Thursday, April 2, 2009

Delius' "A Mass Of Life" Starring Doorman-Priest

Back in Leeds from the Yorkshire Moors and on to the performance of Frederick Delius' "A Mass of Life" performed by the Leeds Philharmonic and Leeds Festival Choruses, the BBC Philharmonic Orchestra, and four soloists at Leeds Town Hall. The picture above shows the group and the hall in all their splendor. The ladies wore red and the men black tie. DP was the best-looking gray-haired man in the chorus, quite elegant in his formal suit. He's in the second row of the chorus near the center, a little to the left. What? You can't make him out? Well, that's too bad, because he looked quite handsome.

I'd never heard this work before, but it is splendid, and all performed beautifully. If you won't take my word for it, you can read a review by a real music critic in the Wharfedale & Airdale Observer.

The hall itself is a sight to behold, and the singers and orchestra in their contrasting red and black - well you can see for yourself in the picture that it was a colorful feast for the eyes.

Now comes confession time. I was about five minutes late for the concert, and the group started RIGHT ON TIME! In New Orleans and even at the Metropolitan Opera in New York, performances almost never start promptly, but this one did, and because of my habitual tardiness, I had the misfortune of not being allowed in, and I had to listen to the first part of the piece on TV in a room on the side of the main hall. Of course, I would not have wanted to go in and make a disturbance, even if I had been allowed.

That's the bad news. The good news is that the performance after the intermission or interval, as they say "over there", was longer than the first part. In the hall, all was grand and glorious sound. Hearing the music on TV was not at all the same.

I hoped to sneak into my seat without DP ever knowing that I didn't get into the hall for the first part of the concert, but I ran right smack into him and was caught out in my delinquency. He was quite the gentleman about it. How could he not be looking so handsome in his formal clothes?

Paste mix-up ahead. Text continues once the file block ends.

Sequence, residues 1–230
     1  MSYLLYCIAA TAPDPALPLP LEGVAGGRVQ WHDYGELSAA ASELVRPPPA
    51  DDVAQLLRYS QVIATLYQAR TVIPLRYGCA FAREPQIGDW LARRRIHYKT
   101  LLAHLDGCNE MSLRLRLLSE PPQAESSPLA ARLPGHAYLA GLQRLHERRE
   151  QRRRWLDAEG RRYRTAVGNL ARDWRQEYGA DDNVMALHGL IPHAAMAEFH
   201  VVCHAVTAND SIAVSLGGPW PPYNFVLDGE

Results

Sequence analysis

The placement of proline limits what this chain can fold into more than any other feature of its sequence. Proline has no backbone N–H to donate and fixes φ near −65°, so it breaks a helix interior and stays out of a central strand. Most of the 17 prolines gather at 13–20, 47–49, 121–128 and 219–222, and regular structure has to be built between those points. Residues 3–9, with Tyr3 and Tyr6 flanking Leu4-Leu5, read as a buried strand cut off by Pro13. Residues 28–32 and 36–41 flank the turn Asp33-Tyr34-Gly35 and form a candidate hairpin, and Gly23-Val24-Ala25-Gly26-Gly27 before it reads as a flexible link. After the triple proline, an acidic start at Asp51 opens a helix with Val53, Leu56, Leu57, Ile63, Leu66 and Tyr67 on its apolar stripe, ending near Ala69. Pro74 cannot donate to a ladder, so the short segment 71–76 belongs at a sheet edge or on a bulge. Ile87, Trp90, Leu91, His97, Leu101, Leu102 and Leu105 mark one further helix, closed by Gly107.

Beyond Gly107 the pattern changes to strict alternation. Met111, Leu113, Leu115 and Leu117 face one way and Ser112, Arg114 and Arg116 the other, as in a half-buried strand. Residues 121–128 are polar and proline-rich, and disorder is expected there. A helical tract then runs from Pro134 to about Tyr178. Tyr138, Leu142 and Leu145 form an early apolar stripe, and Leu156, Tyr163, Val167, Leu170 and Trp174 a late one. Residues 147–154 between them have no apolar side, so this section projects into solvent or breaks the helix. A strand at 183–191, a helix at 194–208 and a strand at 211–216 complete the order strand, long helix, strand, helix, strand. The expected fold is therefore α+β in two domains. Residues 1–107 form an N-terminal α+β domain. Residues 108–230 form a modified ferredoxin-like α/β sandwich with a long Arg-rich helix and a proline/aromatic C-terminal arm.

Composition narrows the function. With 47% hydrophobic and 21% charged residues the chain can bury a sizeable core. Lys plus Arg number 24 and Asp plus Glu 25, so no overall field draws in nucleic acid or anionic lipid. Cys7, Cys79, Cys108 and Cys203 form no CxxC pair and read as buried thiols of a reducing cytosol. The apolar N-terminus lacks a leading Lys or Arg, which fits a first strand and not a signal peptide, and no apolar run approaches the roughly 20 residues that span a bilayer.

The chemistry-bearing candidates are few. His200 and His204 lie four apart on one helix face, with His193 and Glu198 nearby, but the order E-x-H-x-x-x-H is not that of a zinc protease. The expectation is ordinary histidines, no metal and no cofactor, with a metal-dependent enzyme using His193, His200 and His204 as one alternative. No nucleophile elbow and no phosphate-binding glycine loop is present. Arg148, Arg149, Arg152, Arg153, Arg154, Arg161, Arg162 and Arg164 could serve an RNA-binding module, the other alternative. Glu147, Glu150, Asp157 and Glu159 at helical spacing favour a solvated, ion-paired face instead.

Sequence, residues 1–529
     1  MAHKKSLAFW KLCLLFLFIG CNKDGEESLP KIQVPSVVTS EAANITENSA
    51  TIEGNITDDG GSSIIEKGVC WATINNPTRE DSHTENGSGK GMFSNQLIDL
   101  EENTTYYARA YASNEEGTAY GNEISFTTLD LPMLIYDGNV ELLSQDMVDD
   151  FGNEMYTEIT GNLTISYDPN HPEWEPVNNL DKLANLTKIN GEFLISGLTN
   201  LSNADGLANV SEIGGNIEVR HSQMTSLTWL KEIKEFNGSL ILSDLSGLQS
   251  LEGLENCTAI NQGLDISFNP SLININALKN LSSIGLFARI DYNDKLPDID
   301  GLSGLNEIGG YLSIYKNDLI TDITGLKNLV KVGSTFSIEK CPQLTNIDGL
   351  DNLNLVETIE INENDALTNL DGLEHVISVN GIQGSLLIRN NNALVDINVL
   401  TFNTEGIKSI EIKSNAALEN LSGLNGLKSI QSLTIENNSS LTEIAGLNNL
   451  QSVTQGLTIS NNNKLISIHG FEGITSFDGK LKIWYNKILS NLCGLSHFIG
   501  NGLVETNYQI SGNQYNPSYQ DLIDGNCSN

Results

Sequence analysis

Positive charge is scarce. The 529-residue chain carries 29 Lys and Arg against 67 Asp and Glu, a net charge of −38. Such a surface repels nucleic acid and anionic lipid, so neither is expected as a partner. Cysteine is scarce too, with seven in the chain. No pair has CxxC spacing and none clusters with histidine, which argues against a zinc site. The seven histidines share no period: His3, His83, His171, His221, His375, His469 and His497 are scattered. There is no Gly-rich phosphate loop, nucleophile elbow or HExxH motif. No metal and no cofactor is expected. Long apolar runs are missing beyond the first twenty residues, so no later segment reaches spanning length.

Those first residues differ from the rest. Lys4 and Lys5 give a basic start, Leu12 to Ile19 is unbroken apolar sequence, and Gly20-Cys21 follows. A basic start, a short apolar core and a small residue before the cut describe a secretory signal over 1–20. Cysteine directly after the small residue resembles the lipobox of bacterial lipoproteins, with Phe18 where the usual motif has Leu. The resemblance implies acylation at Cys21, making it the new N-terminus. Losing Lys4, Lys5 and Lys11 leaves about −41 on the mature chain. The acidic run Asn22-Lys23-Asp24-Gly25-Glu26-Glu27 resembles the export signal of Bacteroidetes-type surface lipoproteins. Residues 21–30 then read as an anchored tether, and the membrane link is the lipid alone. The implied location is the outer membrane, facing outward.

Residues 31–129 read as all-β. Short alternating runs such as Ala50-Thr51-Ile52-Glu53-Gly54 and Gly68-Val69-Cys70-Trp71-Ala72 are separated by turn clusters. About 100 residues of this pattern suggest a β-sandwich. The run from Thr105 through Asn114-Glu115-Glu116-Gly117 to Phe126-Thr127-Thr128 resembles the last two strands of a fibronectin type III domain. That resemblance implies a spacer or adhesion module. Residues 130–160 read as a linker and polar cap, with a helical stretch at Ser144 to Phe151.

After the concert, we headed to DP's favorite pub to meet his friends. We had our drinks and chatted. I told the group that I had met DP on an online dating service. I hope his bishop doesn't read my blog, because he could start off on the wrong foot in his ministry before he even starts his ministry.

Calling the work a "Mass" is a broad use of the term, because the text is taken from Nietzsche's Thus Spake Zarathustra, which is in no sense Christian. I asked DP if the pope knew about this. He said that some church authorities will not permit the work to be performed in a church building.

DP gave me the program for the concert as a souvenir. Inside is the entire text of the piece with German on one side of the page and English on the other. The English translation is hilarious. It was obviously done by someone with little command of the English language. I wanted to show it to our blog friend Erika while she was in Leeds. She does English-German and German-English translations and would have thought it a hoot. Unfortunately, I forgot.

Altogether a lovely evening, even if I didn't get to hear the first part of the "Mass" from the hall. See. I'm still playing Pollyanna's "Glad Game".